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Elon Musk’s Tesla, the world’s leading EV maker, is capping off 2022 as one of the S&P 500’s worst-performing stocks.

Welcome back from the Christmas weekend. I’m Phil Rosen, reporting from Los Angeles.

Usually in December the talk of the town is upbeat and cheerful — holiday music plays and White Elephant exchanges are all the rage.

And usually the world’s leading electric vehicle brand, Tesla, joins in on that cheer. 

Despite being the most shorted stock of all time, Elon Musk’s company has finished years’ past with massive climbs.

That’s not quite the case for 2022 though. 

Tesla is among the S&P 500’s biggest losers this year, and most of its meteoric pandemic gains have been all but wiped out.

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Elon Musk wears a mask.Tesla CEO Elon Musk.

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1. Elon Musk has pointed to the Fed as reason for Tesla’s declines, with the company’s market cap shedding $600 billion on the year. 

But now that macro headwinds have made it historically cheap (and Tesla bears have made a killing on it this year), Musk said it offers a buying opportunity.

“I keep saying that Fed rate is insane, because data I’m seeing says we’re already in deflation,” he tweeted last week. “If true, then real rate of return of T-bills is roughly that of S&P500. Very smart investor I spoke to today said he’s shorting S&P…”

Inflation soared to a 40-year high of 9.1% in June, and with the most recent data clocking in north of 7%, it remains far above the Fed’s 2% goal. 

The central bank has attempted to cool prices with an extremely aggressive series of interest rate hikes. 

The idea is that those higher rates flow through into larger returns from savings accounts and government bonds, which makes higher risk investments like  stocks less appealing in comparison. 

But to Musk, prices have already started dropping, which eliminates the need for the Fed to keep rates so high. As he wrote in another tweet last week: 

“In simple terms: as bank savings account interest rates, which are guaranteed, start to approach stock market returns, which are not guaranteed, people will increasingly move their money out of stocks into cash, thus causing stocks to drop.”

While Musk isn’t wrong that demand for stocks has waned, there’s still a flaw in his argument, according to Tesla investor and Future Fund manager Gary Black.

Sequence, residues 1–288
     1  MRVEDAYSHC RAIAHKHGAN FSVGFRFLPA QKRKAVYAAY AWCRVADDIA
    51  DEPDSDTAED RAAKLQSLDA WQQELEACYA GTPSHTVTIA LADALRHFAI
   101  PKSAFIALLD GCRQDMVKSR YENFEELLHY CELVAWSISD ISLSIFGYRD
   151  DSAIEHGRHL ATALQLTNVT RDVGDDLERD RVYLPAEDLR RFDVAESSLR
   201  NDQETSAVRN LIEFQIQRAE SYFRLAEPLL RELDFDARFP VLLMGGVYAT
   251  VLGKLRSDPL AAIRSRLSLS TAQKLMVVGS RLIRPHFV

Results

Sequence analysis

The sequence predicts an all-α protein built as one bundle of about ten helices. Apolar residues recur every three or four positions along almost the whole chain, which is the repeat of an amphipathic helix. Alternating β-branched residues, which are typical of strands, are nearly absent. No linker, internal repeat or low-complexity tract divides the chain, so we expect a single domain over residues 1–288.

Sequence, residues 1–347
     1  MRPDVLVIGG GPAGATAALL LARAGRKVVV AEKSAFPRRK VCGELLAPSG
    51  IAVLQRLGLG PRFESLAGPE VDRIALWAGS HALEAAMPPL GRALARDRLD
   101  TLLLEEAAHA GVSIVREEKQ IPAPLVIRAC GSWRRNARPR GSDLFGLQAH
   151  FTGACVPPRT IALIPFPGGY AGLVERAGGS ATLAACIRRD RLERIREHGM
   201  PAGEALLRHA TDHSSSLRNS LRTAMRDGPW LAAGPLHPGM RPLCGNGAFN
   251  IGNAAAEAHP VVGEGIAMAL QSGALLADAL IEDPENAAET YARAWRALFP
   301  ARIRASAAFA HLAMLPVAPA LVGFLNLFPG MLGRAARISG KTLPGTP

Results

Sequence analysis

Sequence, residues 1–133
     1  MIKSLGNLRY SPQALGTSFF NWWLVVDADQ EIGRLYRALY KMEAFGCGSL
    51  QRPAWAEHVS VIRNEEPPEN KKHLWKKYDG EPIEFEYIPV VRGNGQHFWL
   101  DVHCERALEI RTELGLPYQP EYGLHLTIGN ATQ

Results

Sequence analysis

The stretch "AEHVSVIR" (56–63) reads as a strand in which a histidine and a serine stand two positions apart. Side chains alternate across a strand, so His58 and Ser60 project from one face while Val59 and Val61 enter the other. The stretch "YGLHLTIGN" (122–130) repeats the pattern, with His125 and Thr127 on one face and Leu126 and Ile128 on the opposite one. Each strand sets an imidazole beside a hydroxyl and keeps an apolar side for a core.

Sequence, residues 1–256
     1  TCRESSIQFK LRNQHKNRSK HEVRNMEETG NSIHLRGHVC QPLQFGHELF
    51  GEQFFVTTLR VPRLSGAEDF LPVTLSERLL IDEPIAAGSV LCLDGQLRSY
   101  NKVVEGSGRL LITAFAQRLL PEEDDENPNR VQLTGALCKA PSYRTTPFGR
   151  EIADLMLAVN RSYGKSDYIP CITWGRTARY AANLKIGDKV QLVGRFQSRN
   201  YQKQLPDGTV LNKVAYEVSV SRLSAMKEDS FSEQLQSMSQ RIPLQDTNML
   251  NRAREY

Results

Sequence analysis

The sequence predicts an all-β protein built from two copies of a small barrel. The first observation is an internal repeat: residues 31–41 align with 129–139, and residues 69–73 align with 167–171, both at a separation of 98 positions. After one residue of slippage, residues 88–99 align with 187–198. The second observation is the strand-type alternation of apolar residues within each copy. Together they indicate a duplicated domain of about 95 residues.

“Elon – you can’t compare a very short duration bank with long duration $TSLA stock… Since you closed on TWTR, TSLA [is down] -38% vs NDX [Nasdaq 100] -1%. If it was all [interest] rates, NDX would be down a similar amount,” Black tweeted at Musk.

In other words, while higher interest rates undoubtedly drag on stocks, that doesn’t explain why Tesla has seen outsized losses since Musk closed his purchase of Twitter.

In any case, Black remains a Tesla believer and continues to own it, as does ARK Invest’s Cathie Wood, who has been buying the dip all quarter. 

Ultimately, Tesla investors shouldn’t feel alone in their pain amid downtrodden stock prices this year. Between giants Apple, Microsoft, Alphabet, Amazon, and Meta, the tech sector’s shed roughly $3.65 trillion in market value this year.

How has your view of Tesla stock changed since October? Tweet me (@philrosenn) or email me ( to let me know.

In other news:

trader nyse look up

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2. Earnings on deck: Heiwado Co, Okuwa Co, and more, all reporting.

3. Wall Street experts shared 20 books that should be on your wishlist right now. With stocks tumbling this year, these books can help you understand where to invest and how to conquer bear markets. Check out their picks here.

4. These are the top-performing funds of 2022. Their managers told us how they overcame a brutal year for the stock market, and shared the stock picks that worked best.

5. The DEA said that a global drug cartel used Binance to launder up to $40 million in illicit profits. According to a Forbes report, the crypto exchange has been working with investigators to track down suspects involved in the crime — here’s how.

6. Rising housing inventory will accelerate a 20% plunge in home prices. That’s according to Pantheon Macro, which said that the scale of the demand collapse this past year remains enough by itself to weigh home prices down. Even so, a meaningful recovery “is still miles away.”

7. The stock market’s fear gauge will plummet in 2023 as historic inflation begins to drop. And, in Fundstrat’s view, that will tee up the S&P 500 for a 20% surge. Once the Fed initiates a policy pivot, the firm believes equity concerns among investors will begin to alleviate. 

8. The world’s top investment firms pay Rob Arnott for advice. He shared two trades that could deliver 15% annualized returns over the next decade — and breaks down why inflation might remain elevated for far longer than investors are expecting.

9. This Wall Street headhunter’s rapid ascent was underpinned by accusations of harassment and abuse. Durlston Partners wooed employees with the promise of fast cash, epic parties, and an unbeatable culture. Ex-staffers tell quite a different story.

Berkshire Hathaway stock

Markets Insider

10. Warren Buffett’s Berkshire Hathaway has continued to generate steady returns even as tumult hit markets this year. The Oracle of Omaha has advised against switching out of stocks for cash or gold during wars. To Buffett, productive businesses make a better investment over safe-haven assets. 

Curated by Phil Rosen in Los Angeles. Feedback or tips? Tweet @philrosenn or email

Edited by Max Adams (@maxradams) in New York and Hallam Bullock (@hallam_bullock) in London.

Read the original article on Business Insider